Escape to Simplicity: Derwent Valley
Considering Hobart is one of Australia’s oldest European settlements, it’s no surprise to learn Tasmania was one of the earliest states where vines were planted. This grape flirtation was nevertheless brief after repeated failed efforts fuelled a belief the climate was too cold for producing quality wines. Added to that was the British colonists’ preference for fortified wines.
Of course, had Tasmania been colonised by the French, it’s likely its wine industry would have been established much earlier. French immigrant, Jean Miguet, was the first to identify the similarities with his homeland, prompting him to plant the state’s first vineyard of the modern era near Launceston in 1956.
The second vineyard came two years later when Italian immigrant, Claudio Alcorso, marked a spot at Berriedale in the Derwent Valley, near Hobart. Calling the property Moorilla, an Aboriginal word meaning ‘rock by the water’, the vineyard is now owned by David Walsh, the creator of MONA, which the winery overlooks.
More recently, another Italian immigrant, Stefano Lubiana, recognised the region’s wine growing potential, despite plenty of advice to the contrary.
“We had a lot to prove to the naysayers, so we had to make it work,” says Stefano’s wife, Monique, who moved from Adelaide with her husband in 1990 after the couple bought a 140-hectare block in Granton, 20 kilometres inland from where the Derwent River empties into Storm Bay.
Like Trevor and Pat Hanigan from Derwent Estate up the road, they were attracted by the block’s limestone base and north-facing aspect, and the maritime influence that would hinder frosts.
Like many wine growers in Tasmania, Stefano Lubiana Wines specialises in Pinot Noir and Chardonnay varieties, with 4500 vines per hectare currently under harvest and plans of increasing that to 10,000.
“You need that to be taken seriously as a player internationally. It may not happen this generation, but it will in the next,” explains Monique, whose son Marco is the sixth generation to make wines.
To the manor born
The Derwent Valley is one of Tasmania’s smaller, lesser-known winemaking regions, accounting for just seven per cent of total grape production in the state. Rich in agriculture, it’s historically known for its pastoral and dairying resources. More recently, Australia’s black truffle industry can trace its roots to a pioneering farmer in the valley. And Tasmania’s hops growing industry is now centred in and around the farming community of Bushy Park. Corporate investors have also turned large tracts of grazing land into cherry orchards.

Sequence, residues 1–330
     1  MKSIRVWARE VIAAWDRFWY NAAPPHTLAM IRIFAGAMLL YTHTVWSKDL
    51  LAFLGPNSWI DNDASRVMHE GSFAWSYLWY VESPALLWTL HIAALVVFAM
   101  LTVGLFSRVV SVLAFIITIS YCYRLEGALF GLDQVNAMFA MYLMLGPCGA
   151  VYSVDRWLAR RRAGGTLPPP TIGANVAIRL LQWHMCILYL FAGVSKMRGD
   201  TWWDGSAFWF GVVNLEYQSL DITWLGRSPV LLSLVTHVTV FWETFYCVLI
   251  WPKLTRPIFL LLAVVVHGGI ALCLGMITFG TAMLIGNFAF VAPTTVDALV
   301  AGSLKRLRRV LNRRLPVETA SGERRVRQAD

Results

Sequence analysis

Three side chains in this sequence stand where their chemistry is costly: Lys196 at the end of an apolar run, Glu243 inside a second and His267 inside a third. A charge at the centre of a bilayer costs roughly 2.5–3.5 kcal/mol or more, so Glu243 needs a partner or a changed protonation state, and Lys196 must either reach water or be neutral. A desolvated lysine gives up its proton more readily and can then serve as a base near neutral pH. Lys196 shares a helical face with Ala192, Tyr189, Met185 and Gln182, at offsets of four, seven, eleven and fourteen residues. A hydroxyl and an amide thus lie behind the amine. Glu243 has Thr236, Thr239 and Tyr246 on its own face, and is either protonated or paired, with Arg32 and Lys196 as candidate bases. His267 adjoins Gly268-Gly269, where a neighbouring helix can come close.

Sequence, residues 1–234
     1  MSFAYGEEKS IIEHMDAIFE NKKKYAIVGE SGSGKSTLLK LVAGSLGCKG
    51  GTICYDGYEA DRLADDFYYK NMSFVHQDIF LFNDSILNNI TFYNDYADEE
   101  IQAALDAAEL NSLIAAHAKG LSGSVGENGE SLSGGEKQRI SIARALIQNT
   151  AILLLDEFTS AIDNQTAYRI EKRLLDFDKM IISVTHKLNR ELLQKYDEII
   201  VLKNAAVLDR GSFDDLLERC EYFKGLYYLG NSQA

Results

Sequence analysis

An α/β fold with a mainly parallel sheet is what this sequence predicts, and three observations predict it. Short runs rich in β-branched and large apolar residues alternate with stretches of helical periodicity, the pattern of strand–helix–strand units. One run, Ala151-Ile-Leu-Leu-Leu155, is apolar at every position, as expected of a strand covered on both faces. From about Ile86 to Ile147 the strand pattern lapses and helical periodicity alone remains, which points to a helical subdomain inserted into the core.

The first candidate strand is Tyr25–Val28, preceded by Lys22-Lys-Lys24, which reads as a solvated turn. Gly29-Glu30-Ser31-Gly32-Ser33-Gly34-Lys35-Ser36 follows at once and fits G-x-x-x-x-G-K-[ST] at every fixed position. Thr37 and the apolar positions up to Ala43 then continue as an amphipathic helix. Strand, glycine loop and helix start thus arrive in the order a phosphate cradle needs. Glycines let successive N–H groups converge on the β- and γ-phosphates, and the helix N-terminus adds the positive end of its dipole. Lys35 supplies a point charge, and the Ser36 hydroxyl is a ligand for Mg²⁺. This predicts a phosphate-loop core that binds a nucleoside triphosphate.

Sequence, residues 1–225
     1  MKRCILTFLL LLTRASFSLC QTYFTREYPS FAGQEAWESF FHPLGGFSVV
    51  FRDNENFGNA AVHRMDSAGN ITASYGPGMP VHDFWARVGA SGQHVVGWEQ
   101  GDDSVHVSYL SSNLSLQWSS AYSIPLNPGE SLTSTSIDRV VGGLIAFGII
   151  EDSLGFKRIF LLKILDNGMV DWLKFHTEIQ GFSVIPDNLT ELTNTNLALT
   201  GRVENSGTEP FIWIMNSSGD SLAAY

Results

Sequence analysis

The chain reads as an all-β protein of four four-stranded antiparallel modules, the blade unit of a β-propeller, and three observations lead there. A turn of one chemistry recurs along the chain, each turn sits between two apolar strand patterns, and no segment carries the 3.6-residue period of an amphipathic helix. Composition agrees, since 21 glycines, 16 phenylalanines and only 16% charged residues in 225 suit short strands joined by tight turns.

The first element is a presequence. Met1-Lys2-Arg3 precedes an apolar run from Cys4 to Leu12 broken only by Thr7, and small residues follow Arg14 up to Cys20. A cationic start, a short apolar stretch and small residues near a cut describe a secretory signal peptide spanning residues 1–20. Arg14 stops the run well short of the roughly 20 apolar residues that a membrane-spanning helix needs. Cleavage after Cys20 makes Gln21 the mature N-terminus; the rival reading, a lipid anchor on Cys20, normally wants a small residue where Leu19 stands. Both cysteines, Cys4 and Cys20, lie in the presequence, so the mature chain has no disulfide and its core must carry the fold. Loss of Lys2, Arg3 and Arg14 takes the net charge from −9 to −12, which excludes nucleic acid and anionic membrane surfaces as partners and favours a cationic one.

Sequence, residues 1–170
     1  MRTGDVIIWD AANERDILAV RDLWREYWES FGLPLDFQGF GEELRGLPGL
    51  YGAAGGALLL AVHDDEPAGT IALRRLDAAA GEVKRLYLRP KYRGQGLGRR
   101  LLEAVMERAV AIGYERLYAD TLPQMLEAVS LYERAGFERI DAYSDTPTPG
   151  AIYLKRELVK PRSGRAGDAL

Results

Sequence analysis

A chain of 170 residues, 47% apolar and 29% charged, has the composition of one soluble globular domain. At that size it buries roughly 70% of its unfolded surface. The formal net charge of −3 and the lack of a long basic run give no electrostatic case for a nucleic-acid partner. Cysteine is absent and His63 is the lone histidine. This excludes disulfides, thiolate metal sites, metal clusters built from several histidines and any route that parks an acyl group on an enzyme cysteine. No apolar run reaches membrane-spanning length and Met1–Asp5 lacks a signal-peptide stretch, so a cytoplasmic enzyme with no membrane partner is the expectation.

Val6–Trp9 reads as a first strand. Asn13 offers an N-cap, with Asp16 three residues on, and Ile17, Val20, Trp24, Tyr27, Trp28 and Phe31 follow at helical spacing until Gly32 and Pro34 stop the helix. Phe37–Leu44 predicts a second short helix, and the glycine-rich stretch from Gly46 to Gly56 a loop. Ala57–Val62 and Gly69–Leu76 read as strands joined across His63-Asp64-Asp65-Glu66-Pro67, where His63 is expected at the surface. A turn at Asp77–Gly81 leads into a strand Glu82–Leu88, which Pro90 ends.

The largest – and oldest – town in the valley is New Norfolk, a 7000-strong community settled in 1805 by evacuees from Norfolk Island after its convict prison was abandoned. This is my base, 40 kilometres from Hobart, in a grand Georgian manor house that would likely be decrepit now had it not been for the intervention of John and Laurelle Grimley.
Built in 1825 as a police constable’s house on the banks of the Derwent River, the building has since functioned as an academy for young gentlemen and as a guesthouse. When the Grimleys first set eyes on it while holidaying in Tasmania in 2002, it had been divided up into barely habitable, low-rent apartment accommodation. After returning a year later, they were delighted to discover it was up for sale and immediately bought it, spending the next three years restoring the building, relaunching it as Tasmania’s only five-star-accredited boutique hotel during the summer of 2006-2007.
Called Woodbridge on the Derwent, and counting itself as a member of the Small Luxury Hotels of the World brand, it contains eight spacious rooms across three levels, each named after a significant historical personality, feature or period in its life. The Pavilion restaurant was added in 2009, drawing architectural inspiration from a 19th-century boating rotunda that hosted a rowing regatta just downriver. Food and beverages are sourced locally whenever possible, with wines cellared in a convict lock-up turned basement room.
To read the full story, pick up the latest issue of Selector Magazine at newsstands from March 7.